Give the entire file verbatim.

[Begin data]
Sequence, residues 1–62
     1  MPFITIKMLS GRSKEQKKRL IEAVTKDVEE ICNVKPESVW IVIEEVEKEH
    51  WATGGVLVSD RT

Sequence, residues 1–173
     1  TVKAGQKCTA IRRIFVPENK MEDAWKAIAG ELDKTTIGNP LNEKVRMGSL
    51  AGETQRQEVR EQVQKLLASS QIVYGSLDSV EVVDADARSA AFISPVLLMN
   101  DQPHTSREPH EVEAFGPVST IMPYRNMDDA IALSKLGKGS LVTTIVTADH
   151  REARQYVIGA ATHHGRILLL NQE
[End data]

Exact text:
Sequence, residues 1–62
     1  MPFITIKMLS GRSKEQKKRL IEAVTKDVEE ICNVKPESVW IVIEEVEKEH
    51  WATGGVLVSD RT

Sequence, residues 1–173
     1  TVKAGQKCTA IRRIFVPENK MEDAWKAIAG ELDKTTIGNP LNEKVRMGSL
    51  AGETQRQEVR EQVQKLLASS QIVYGSLDSV EVVDADARSA AFISPVLLMN
   101  DQPHTSREPH EVEAFGPVST IMPYRNMDDA IALSKLGKGS LVTTIVTADH
   151  REARQYVIGA ATHHGRILLL NQE